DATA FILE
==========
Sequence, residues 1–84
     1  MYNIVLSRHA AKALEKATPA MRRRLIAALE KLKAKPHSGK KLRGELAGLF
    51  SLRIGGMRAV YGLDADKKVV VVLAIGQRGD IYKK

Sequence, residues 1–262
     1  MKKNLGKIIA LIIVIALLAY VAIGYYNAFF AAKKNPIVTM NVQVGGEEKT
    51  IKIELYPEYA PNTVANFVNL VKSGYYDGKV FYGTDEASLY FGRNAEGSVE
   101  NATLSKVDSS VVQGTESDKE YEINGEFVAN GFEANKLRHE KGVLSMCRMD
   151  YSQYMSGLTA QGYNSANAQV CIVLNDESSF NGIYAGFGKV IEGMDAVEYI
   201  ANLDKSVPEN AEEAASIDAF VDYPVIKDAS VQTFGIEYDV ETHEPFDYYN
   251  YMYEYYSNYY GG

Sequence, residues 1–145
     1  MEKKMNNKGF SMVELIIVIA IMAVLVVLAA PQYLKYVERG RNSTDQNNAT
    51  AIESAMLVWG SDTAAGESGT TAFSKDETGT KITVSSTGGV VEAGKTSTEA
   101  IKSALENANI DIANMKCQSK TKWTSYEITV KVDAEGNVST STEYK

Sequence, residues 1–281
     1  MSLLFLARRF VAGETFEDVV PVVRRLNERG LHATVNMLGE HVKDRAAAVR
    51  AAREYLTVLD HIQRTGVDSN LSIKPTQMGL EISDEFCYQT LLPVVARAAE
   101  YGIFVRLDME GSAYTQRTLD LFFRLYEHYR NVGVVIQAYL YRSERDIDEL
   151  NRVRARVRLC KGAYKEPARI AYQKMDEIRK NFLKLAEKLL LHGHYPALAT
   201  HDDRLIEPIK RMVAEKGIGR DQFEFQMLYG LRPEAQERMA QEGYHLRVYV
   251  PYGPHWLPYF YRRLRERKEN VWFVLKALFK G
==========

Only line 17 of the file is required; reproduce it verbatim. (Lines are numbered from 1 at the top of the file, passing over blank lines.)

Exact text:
    51  AAREYLTVLD HIQRTGVDSN LSIKPTQMGL EISDEFCYQT LLPVVARAAE